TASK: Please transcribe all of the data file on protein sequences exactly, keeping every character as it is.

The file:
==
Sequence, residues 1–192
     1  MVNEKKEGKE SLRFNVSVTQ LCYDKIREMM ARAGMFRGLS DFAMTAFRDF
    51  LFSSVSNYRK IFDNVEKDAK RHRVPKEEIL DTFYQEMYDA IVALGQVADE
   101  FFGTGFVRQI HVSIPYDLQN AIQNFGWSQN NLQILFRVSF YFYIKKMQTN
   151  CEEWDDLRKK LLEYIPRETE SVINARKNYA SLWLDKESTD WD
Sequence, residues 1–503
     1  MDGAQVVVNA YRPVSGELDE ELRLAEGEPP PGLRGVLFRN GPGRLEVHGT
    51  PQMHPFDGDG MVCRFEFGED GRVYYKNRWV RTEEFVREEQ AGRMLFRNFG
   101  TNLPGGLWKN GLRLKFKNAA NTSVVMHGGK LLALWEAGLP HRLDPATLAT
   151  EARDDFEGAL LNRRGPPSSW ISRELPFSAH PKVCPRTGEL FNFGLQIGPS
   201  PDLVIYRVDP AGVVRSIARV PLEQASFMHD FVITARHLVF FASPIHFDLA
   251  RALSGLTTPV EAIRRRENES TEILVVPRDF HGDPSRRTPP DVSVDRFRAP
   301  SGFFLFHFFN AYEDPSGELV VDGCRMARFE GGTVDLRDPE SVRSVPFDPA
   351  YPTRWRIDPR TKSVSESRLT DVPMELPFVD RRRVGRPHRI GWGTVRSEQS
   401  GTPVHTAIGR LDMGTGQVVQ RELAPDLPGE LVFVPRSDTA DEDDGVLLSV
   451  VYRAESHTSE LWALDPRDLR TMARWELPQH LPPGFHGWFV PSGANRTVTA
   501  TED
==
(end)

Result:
Sequence, residues 1–192
     1  MVNEKKEGKE SLRFNVSVTQ LCYDKIREMM ARAGMFRGLS DFAMTAFRDF
    51  LFSSVSNYRK IFDNVEKDAK RHRVPKEEIL DTFYQEMYDA IVALGQVADE
   101  FFGTGFVRQI HVSIPYDLQN AIQNFGWSQN NLQILFRVSF YFYIKKMQTN
   151  CEEWDDLRKK LLEYIPRETE SVINARKNYA SLWLDKESTD WD
Sequence, residues 1–503
     1  MDGAQVVVNA YRPVSGELDE ELRLAEGEPP PGLRGVLFRN GPGRLEVHGT
    51  PQMHPFDGDG MVCRFEFGED GRVYYKNRWV RTEEFVREEQ AGRMLFRNFG
   101  TNLPGGLWKN GLRLKFKNAA NTSVVMHGGK LLALWEAGLP HRLDPATLAT
   151  EARDDFEGAL LNRRGPPSSW ISRELPFSAH PKVCPRTGEL FNFGLQIGPS
   201  PDLVIYRVDP AGVVRSIARV PLEQASFMHD FVITARHLVF FASPIHFDLA
   251  RALSGLTTPV EAIRRRENES TEILVVPRDF HGDPSRRTPP DVSVDRFRAP
   301  SGFFLFHFFN AYEDPSGELV VDGCRMARFE GGTVDLRDPE SVRSVPFDPA
   351  YPTRWRIDPR TKSVSESRLT DVPMELPFVD RRRVGRPHRI GWGTVRSEQS
   401  GTPVHTAIGR LDMGTGQVVQ RELAPDLPGE LVFVPRSDTA DEDDGVLLSV
   451  VYRAESHTSE LWALDPRDLR TMARWELPQH LPPGFHGWFV PSGANRTVTA
   501  TED